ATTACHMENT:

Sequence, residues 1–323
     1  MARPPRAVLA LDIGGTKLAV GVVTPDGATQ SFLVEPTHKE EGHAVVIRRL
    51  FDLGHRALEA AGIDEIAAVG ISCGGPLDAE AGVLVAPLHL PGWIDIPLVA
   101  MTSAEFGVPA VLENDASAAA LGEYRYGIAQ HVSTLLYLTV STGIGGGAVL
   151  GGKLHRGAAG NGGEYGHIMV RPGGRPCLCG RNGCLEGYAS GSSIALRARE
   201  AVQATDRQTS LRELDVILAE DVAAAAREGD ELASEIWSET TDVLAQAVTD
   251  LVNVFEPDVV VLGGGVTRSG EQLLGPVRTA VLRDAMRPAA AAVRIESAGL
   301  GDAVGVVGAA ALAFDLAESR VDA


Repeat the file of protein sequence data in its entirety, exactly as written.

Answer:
Sequence, residues 1–323
     1  MARPPRAVLA LDIGGTKLAV GVVTPDGATQ SFLVEPTHKE EGHAVVIRRL
    51  FDLGHRALEA AGIDEIAAVG ISCGGPLDAE AGVLVAPLHL PGWIDIPLVA
   101  MTSAEFGVPA VLENDASAAA LGEYRYGIAQ HVSTLLYLTV STGIGGGAVL
   151  GGKLHRGAAG NGGEYGHIMV RPGGRPCLCG RNGCLEGYAS GSSIALRARE
   201  AVQATDRQTS LRELDVILAE DVAAAAREGD ELASEIWSET TDVLAQAVTD
   251  LVNVFEPDVV VLGGGVTRSG EQLLGPVRTA VLRDAMRPAA AAVRIESAGL
   301  GDAVGVVGAA ALAFDLAESR VDA